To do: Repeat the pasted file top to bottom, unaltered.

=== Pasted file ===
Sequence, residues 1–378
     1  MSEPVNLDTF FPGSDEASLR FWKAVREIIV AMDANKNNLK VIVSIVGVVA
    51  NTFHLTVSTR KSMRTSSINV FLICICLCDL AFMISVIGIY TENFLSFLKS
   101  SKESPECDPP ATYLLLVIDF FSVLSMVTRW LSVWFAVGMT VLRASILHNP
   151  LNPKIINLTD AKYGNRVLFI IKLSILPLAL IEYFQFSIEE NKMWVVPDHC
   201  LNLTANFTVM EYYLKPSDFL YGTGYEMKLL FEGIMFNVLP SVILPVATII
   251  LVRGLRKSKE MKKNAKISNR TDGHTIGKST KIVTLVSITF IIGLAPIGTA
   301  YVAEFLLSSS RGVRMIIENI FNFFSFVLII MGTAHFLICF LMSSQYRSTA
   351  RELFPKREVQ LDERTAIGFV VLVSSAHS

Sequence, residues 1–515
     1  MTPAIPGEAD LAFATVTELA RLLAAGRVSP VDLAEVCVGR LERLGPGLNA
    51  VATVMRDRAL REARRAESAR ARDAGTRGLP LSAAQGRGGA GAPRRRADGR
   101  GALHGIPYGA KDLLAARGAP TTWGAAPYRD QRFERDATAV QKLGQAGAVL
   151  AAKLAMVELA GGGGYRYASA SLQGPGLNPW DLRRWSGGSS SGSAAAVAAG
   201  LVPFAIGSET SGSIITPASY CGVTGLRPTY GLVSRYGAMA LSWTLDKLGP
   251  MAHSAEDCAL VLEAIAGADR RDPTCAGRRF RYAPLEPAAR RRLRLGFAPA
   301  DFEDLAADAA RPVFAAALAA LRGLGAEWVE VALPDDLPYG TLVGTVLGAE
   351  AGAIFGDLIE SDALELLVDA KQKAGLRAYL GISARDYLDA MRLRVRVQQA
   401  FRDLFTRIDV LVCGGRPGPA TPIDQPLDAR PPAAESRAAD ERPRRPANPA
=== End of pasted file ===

Sequence, residues 1–378
     1  MSEPVNLDTF FPGSDEASLR FWKAVREIIV AMDANKNNLK VIVSIVGVVA
    51  NTFHLTVSTR KSMRTSSINV FLICICLCDL AFMISVIGIY TENFLSFLKS
   101  SKESPECDPP ATYLLLVIDF FSVLSMVTRW LSVWFAVGMT VLRASILHNP
   151  LNPKIINLTD AKYGNRVLFI IKLSILPLAL IEYFQFSIEE NKMWVVPDHC
   201  LNLTANFTVM EYYLKPSDFL YGTGYEMKLL FEGIMFNVLP SVILPVATII
   251  LVRGLRKSKE MKKNAKISNR TDGHTIGKST KIVTLVSITF IIGLAPIGTA
   301  YVAEFLLSSS RGVRMIIENI FNFFSFVLII MGTAHFLICF LMSSQYRSTA
   351  RELFPKREVQ LDERTAIGFV VLVSSAHS

Sequence, residues 1–515
     1  MTPAIPGEAD LAFATVTELA RLLAAGRVSP VDLAEVCVGR LERLGPGLNA
    51  VATVMRDRAL REARRAESAR ARDAGTRGLP LSAAQGRGGA GAPRRRADGR
   101  GALHGIPYGA KDLLAARGAP TTWGAAPYRD QRFERDATAV QKLGQAGAVL
   151  AAKLAMVELA GGGGYRYASA SLQGPGLNPW DLRRWSGGSS SGSAAAVAAG
   201  LVPFAIGSET SGSIITPASY CGVTGLRPTY GLVSRYGAMA LSWTLDKLGP
   251  MAHSAEDCAL VLEAIAGADR RDPTCAGRRF RYAPLEPAAR RRLRLGFAPA
   301  DFEDLAADAA RPVFAAALAA LRGLGAEWVE VALPDDLPYG TLVGTVLGAE
   351  AGAIFGDLIE SDALELLVDA KQKAGLRAYL GISARDYLDA MRLRVRVQQA
   401  FRDLFTRIDV LVCGGRPGPA TPIDQPLDAR PPAAESRAAD ERPRRPANPA